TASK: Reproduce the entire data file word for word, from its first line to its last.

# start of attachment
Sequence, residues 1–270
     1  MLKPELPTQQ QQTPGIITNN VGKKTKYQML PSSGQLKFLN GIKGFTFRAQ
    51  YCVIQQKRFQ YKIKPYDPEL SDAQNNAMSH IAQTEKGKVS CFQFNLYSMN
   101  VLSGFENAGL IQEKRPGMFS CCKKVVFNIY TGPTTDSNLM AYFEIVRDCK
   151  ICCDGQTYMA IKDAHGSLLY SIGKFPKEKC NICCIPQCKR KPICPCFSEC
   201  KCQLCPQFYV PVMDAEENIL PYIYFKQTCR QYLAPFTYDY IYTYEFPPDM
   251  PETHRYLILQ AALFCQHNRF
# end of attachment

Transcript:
Sequence, residues 1–270
     1  MLKPELPTQQ QQTPGIITNN VGKKTKYQML PSSGQLKFLN GIKGFTFRAQ
    51  YCVIQQKRFQ YKIKPYDPEL SDAQNNAMSH IAQTEKGKVS CFQFNLYSMN
   101  VLSGFENAGL IQEKRPGMFS CCKKVVFNIY TGPTTDSNLM AYFEIVRDCK
   151  ICCDGQTYMA IKDAHGSLLY SIGKFPKEKC NICCIPQCKR KPICPCFSEC
   201  KCQLCPQFYV PVMDAEENIL PYIYFKQTCR QYLAPFTYDY IYTYEFPPDM
   251  PETHRYLILQ AALFCQHNRF